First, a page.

Saturday, October 31, 2015

Halloween Revue: After Daylight

You Wanna See A Show?
Come See Something Fangtastic!

"For this I rose from the dead?!" That's the refrain of Cat, a seventy five year dead vampire who found out that being a master of the night isn't all it's cracked up to be. Not only does he have to mooch around goth bars in order to get a quick bite to drink, deal with girls who are Tweeting instead of falling under his spell and read completely inaccurate literature on his species at his day job, now someone's dumped definitive proof that there are vampires onto the Web. This is just not Cat's decade...
The creation of Sarah Roark, 'After Daylight' can be found here
If you're sick of sparkly and annoying/pompous, monologing and annoying/ impossibly perfect and annoying/devilishly hard to kill and annoying/MAUDLIN and self pitying and ANNOYING vampires, 'After Daylight' is the answer! It explores the ins and outs of being a modern vampire with more wit and candor than I've ever seen before.

The Rating


The Raves

From page 1, I was laughing and loving 'After Daylight.' It, out of all the vamp lit out there, really gets to grips with the central feature of vampire existence: the precarious nature of their power. Vampires alternate to extremes: extremely strong at one moment, totally helpless at another. And they've got the intelligence to be completely aware of  it too. No wonder so many of them are twitchy!
And then you add in ethics. Being an ethical vampire is NOT a fun life. Being an ethical modern vampire is...well...
'After Daylight' explores this to its fullest and most hilarious logical ends, with sharp, snarky social commentary, hilarious moments of 'old world meets new' and gorgeously sarcastic wit.

'After Daylight' is one of the most common sense and direct takes on the vampire genre that I've ever seen. Beyond exploring the issues of getting a bite (heh heh heh) the creator gets down to brass tacks and modern tech. It's awfully hard for vamps to stay hidden in a world full of cheap hand held laser thermometers. It's a lot harder to hide anything in the Age Of Internet, when people across the world are nattering at one another non stop. So what are vamps to do? Come out of the casket of course.

There's an element of delightful genre-mocking that I've only seen the sainted Terry Pratchett pull off as well when handling the vampire mythos, balanced with great exploration of political maneuvering and posturing, herd mentality and societal shifts,all wrapped up in a wryly funny slice-of-life package. The writing has a flare for giving characters the chance to say just enough to realize how foolish they sound, whether it be people realizing that they're more bigoted than they think, ancients realizing that for all their supernatural abilities they can't figure out their Smartphones, or daily working stiffs dealing with every day issues and finding that they need a lot of ketchup for that foot in their mouths...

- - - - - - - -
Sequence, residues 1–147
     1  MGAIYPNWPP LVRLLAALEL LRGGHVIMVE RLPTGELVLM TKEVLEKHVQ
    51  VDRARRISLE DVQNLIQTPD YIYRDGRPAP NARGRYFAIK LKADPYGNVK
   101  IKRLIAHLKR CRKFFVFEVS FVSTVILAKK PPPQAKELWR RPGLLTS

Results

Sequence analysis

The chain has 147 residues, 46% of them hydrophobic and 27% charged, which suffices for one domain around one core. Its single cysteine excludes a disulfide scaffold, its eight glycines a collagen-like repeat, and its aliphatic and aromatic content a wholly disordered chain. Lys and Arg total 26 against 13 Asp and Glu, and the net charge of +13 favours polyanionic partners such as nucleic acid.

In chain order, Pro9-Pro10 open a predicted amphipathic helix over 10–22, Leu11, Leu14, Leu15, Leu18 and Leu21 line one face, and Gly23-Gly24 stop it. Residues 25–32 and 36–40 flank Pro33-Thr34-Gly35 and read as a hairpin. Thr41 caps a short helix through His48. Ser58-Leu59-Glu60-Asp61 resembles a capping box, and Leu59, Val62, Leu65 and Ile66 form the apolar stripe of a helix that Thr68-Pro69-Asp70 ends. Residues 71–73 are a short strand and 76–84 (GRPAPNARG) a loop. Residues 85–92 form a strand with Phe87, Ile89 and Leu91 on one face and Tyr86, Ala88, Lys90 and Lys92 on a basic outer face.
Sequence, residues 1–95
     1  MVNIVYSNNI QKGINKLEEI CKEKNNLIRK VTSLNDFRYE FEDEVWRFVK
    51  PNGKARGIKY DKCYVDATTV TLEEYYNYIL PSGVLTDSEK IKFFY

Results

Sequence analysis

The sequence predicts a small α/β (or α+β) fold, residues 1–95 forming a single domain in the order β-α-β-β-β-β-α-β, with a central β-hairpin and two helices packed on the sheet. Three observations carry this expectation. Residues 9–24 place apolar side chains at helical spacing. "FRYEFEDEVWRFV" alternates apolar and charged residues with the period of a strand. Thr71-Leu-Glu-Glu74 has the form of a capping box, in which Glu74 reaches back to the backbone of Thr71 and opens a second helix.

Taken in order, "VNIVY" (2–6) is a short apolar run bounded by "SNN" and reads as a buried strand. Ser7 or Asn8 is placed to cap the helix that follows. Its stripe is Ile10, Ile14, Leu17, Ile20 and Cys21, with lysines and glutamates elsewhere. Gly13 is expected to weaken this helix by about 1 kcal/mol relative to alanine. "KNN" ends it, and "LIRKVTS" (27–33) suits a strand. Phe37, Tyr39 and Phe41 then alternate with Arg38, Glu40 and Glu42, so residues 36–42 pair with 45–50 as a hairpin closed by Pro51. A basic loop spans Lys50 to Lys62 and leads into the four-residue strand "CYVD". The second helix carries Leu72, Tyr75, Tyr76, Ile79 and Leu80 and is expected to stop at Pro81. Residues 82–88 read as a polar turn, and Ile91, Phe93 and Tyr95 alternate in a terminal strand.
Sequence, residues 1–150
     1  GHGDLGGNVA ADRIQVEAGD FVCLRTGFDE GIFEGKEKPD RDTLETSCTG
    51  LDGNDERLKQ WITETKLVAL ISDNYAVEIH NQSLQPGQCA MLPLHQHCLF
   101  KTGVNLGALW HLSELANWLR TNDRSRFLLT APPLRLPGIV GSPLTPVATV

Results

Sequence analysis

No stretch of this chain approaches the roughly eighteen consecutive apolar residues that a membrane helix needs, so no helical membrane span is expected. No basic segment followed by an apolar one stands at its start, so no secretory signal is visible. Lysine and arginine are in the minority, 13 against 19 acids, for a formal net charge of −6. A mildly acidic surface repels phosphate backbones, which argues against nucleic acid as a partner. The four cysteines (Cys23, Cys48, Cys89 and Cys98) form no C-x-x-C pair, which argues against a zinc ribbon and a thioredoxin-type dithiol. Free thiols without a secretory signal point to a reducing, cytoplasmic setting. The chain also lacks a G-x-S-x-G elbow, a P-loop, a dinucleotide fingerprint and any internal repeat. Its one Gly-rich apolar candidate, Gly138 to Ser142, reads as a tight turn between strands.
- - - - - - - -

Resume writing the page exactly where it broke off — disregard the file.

but that's not the only place the writing shines. There is some really moving exploration of rhetoric and the power of public speaking as the vampires take to modernity, go on TV and speak to the people, drawing fascinating parallels with present and prior civil rights movements in America; taking the idea of 'vampires among us' out of spoof territory and into the realm of powerful social change fable, before it lets we readers back in on the joke with snarkily spot on portrayals of how the news and the social media world would go about handling this.

The art gives the smudgy, off-the-cuff impression of an underground 'zine without jeopardizing the artistic grasp of pose, anatomy and scene framing, underlining the wry noir nature of the work.

The Razzes

So, about the 'zine's cool, but that smudgy aesthetic can be carried too far. While the line work of the comic is gorgeous, I often got the feeling that it was dragged down by the shading style, which isn't nearly as sharp or professional. Compare the two images below:
 I have to say, I actually prefer the uncolored version. If the shading style used in the promotional picture that headlines this blog were used throughout the comic, the work would look a LOT sharper. It'd also help if the work was loaded a bit larger; a lot of scenes seem a touch diminished and shrunken. This comic has grown a lot since its inception, and I look forward to seeing its artistic style continue to grow and improve on its weaknesses.

The Revue

This is one you definitely want to sink your teeth into. Yum!

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